A church in Norwich is learning from the experiences of Christians 6,000 miles away, as two congregations come together to study the scriptures over Zoom. Rev Dr Fiona Haworth explains more about Christian Aid’s Just Scripture project


Members of the Rugombo church, in Cibitoke Province in the country of Burundi. 350 people worship there every Sunday.   

These days there’s nothing unusual about hosting Bible studies over Zoom. But thanks to a new Christian Aid initiative, congregants from our church in Norwich recently had the chance to study the scriptures with Christians 6,000 miles away in Burundi. 

The project, which is entitled 'Just Scripture’ brings together Christians from the global south and the UK to explore issues of justice through the Bible.

Our monthly meetings have been a great opportunity to share with Christians on another continent, to build relationships, and to discover all that unites us in Christ.

I convene the group with Domitien, the pastor of our link church. Sometimes connections are glitchy, here as well as in Burundi, but it is extraordinary to be able to be able to come together this way. 

Our contexts are very different, although we are both urban churches; St Peter Mancroft is a city centre church with a gathered, older congregation, and the Rugombo Church in Bujumbura, the largest city in Burundi, has a large congregation of all ages, including working adults and several hundred children, and church plants in rural areas.

We began with a meeting to get to know each other and find out about our contexts. Our friends in Burundi speak very good English, although English only became an official language in Burundi in 2014. Many have French names alongside their Burundian ones. A striking moment in our first meeting was the significance of names in Burundi, many Burundians have names expressing faith or thankfulness towards God, such as Blessing and Gift.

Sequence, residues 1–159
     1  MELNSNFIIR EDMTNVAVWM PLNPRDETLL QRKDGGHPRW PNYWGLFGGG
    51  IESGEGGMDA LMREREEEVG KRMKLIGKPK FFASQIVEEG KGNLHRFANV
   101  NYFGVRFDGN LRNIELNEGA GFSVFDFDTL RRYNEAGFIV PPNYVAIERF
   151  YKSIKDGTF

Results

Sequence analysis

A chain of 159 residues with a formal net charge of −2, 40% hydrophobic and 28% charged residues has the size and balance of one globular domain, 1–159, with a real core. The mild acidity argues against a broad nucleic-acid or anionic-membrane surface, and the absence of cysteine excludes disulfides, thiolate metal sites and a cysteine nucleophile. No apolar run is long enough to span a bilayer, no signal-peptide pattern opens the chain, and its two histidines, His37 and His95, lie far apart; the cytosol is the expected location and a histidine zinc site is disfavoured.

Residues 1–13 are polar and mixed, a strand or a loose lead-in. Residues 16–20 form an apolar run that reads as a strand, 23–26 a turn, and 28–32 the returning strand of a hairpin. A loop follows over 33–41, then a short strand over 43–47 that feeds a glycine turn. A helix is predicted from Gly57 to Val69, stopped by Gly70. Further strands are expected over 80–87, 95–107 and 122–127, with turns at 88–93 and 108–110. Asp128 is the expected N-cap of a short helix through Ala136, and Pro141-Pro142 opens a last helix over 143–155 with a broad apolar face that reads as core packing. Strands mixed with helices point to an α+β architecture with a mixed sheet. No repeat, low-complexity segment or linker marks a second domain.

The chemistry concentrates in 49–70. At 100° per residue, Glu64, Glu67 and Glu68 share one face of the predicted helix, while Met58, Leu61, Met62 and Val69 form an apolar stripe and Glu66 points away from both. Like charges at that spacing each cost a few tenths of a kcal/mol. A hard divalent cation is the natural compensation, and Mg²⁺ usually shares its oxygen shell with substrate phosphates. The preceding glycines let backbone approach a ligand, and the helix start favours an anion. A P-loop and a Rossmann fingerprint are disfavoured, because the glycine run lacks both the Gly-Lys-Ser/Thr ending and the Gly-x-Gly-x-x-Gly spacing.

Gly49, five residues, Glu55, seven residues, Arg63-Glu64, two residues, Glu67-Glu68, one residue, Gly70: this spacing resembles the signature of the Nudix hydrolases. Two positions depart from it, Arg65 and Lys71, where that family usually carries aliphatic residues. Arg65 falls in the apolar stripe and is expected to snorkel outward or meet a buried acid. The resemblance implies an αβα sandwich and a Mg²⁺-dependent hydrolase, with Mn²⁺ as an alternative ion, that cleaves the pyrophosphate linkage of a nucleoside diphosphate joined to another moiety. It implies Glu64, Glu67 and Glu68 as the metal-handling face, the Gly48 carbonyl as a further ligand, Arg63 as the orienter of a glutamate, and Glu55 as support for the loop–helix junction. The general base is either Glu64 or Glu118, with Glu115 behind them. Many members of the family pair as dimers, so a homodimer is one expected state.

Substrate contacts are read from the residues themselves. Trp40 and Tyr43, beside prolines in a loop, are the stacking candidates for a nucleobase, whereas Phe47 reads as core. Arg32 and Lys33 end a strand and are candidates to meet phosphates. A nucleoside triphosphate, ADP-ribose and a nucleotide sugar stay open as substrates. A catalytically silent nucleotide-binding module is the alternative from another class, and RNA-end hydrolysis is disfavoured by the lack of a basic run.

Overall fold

Our first study looked at economic injustice. We always begin by sharing our contexts with each other. Burundi is a very poor country with the majority of the population involved in agriculture, although as the church is based in a city many of the church members have clerical or retail work. They were very surprised to hear about the levels of poverty we have in England, the need for foodbanks and the levels of homelessness, the struggles of many working people with low incomes.

We then look at a passage of scripture together which explores the chosen theme. Our discussion about the passage invites us to share what surprises us, upsets us, or annoys us. We then have a conversation that allows us to ask questions of each other and discover more about how we let the Bible shape our response to issues of injustice.

Our discussion about the passage invites us to share what surprises us, upsets us, or annoys us

One session looked at climate injustice. Burundi is already seeing the climate changing. The rains are more frequent and much heavier which is causing flooding and landslides. Large numbers of people in Burundi have been displaced when their houses have been swept away or collapsed. Farmland has been destroyed with crops lost and livelihoods gone. Domitien spoke about the work of the churches in Burundi in supporting people by providing shelter and aid. One of their church buildings in a rural area collapsed in the very heavy rains of recent times. Over the Pentecost weekend revival meetings were held at the site of the collapsed church.